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In full control

Synth & DAW Controller: Use your sequencer like a hardware

Published 6:24 am on Friday 2nd February 2024 by Beat Magazine

7 tricks for your tailor-made setup

By customizing your controller to your personal preferences and work habits, you can create a customized setup that increases productivity and optimizes the work process. Here are some tips:

  • Adjust mapping: Assign functions to the faders, knobs and buttons that perfectly suit the way you work.
  • Save presets: Save profiles for different work phases such as recording, mixing or automation to seamlessly switch between setups.
  • Use color coding: If your DAW controller has colored LEDs, you can use them to visually distinguish functions or channels. For example, assign colors to different tracks or instrument groups..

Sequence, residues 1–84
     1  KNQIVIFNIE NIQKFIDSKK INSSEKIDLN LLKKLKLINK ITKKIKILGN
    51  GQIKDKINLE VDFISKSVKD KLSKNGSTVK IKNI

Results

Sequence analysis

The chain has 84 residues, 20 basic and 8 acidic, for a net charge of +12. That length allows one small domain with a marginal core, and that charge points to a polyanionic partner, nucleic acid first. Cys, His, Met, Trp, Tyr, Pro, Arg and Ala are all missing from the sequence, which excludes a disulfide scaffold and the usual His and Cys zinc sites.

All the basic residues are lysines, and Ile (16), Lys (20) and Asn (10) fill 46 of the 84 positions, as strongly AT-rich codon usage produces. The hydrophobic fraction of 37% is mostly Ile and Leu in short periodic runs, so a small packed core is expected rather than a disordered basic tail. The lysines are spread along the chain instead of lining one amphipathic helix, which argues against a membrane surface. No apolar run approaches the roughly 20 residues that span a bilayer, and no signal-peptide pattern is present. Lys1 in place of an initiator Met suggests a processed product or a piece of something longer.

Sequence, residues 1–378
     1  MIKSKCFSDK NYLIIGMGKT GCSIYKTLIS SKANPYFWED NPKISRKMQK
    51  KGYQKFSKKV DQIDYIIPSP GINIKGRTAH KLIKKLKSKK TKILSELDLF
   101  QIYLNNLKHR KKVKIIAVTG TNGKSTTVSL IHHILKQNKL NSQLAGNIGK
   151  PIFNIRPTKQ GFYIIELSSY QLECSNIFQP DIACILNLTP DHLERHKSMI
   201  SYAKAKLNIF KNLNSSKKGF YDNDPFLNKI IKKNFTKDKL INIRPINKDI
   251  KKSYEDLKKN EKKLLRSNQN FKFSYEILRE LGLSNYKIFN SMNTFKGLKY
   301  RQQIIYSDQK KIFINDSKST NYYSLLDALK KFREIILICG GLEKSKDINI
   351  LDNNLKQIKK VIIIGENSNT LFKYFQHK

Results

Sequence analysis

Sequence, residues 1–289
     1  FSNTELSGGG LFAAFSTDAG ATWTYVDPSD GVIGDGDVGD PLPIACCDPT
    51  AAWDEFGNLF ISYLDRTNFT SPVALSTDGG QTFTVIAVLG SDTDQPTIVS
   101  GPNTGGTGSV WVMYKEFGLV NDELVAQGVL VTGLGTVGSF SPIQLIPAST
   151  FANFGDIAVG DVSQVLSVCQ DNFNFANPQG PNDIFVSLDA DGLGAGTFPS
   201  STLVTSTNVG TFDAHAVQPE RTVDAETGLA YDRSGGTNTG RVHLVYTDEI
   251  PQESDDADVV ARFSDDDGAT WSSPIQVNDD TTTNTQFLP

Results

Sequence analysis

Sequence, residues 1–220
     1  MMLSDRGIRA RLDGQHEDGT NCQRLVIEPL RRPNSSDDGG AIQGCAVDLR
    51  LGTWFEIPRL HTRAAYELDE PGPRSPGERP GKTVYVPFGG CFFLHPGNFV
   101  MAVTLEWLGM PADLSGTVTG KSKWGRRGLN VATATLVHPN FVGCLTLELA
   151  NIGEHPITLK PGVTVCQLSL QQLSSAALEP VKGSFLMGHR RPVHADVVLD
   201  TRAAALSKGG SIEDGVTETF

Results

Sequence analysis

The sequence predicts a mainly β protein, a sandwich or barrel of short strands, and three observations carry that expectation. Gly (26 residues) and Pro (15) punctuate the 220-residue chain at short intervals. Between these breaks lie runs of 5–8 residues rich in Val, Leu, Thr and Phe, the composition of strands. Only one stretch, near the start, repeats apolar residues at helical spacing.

• Custom key assignments: Program buttons with frequently used functions such as remote control of the mixer, operating synths or plug-ins, or transport control if your controller supports it.
  • Touchscreen adjustments: If your DAW controller has a touchscreen, adjust the display options to your liking. This could include selection of display modes, zoom levels, or arrangement of information.
  • Adjust motor faders: DAW controllers with motorized faders often allow you to adjust the sensitivity or behavior of the faders to achieve the optimal mixing and automation experience.